At this point there will be competition between the two nucleophiles present, Br- and Cl-. Either way the nucleophile will add with a specific stereochemistry. The nucleophile will also add in a markovnikov fashion to the more substituted carbon, but this will only be relevant if Cl- adds. I'll leave it to you to explain why it occurs this way. HINT: Think of the structure of the intermediate. Make a model if you need to, it may be helpful to use tubing to form some of the bond angles. Also, draw the resonance structures of a halonium ion and the actual structure, and think about how the charge is concentrated on the two carbons.

I'm not sure which nucleophile would add faster in the second step, does anyone else know?

Ah I see now, I didn't even realize the Cl would be a nucleophile (it makes sense that it is, I just didn't look at it that way for some reason).

Thanks for clearing that up.
 

Related to Alkene reaction with Br2 and NaCl (saturated)

1. What is the purpose of adding Br2 and NaCl to an alkene reaction?

The addition of Br2 and NaCl to an alkene reaction is known as halogenation. This reaction is used to introduce a halogen (in this case, bromine) to the alkene molecule, resulting in the formation of a dihalide product. The addition of NaCl helps to ensure that the reaction is carried out in a controlled and saturated manner.

2. How does the presence of NaCl affect the reaction between Br2 and an alkene?

NaCl serves as a source of chloride ions, which act as a catalyst for the reaction between Br2 and the alkene. The chloride ions help to polarize the Br2 molecule, making it more reactive and allowing it to attack the alkene more easily. This results in a more efficient and controlled halogenation reaction.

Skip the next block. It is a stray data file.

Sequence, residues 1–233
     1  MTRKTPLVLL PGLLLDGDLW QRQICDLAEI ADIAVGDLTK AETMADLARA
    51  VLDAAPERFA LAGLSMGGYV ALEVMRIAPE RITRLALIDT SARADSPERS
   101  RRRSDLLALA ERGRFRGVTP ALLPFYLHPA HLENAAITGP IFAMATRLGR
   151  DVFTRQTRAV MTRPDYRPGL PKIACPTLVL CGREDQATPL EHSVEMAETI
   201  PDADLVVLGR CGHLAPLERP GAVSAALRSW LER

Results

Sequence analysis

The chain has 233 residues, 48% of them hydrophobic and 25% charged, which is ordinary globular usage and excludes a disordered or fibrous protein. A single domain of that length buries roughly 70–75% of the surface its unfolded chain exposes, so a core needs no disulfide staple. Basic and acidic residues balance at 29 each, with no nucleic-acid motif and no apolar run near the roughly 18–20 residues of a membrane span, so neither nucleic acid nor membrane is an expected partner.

3. What is the difference between a saturated and unsaturated alkene reaction with Br2 and NaCl?

In an unsaturated alkene reaction, the alkene molecule contains carbon-carbon double bonds and is therefore able to undergo additional reactions. This makes the reaction more difficult to control and can result in the formation of multiple products. In a saturated alkene reaction, the alkene molecule has been treated with an additional reagent (such as NaCl) to ensure that only one halogen is added to each alkene molecule, resulting in a more controlled and predictable reaction.

4. Can other halogens be used in place of Br2 for the alkene reaction with NaCl?

Yes, other halogens such as chlorine (Cl2) or iodine (I2) can be used in place of Br2 for the alkene reaction with NaCl. However, each halogen will result in a different product, as they have different reactivity and selectivity towards the alkene molecule.

5. What is the overall chemical equation for the alkene reaction with Br2 and NaCl?

The overall chemical equation for the alkene reaction with Br2 and NaCl is: alkene + Br2 + NaCl → alkyl dihalide + NaBr. This equation shows the addition of a bromine molecule (Br2) to the alkene, followed by the addition of a chloride ion (from NaCl) to form the final product, an alkyl dihalide.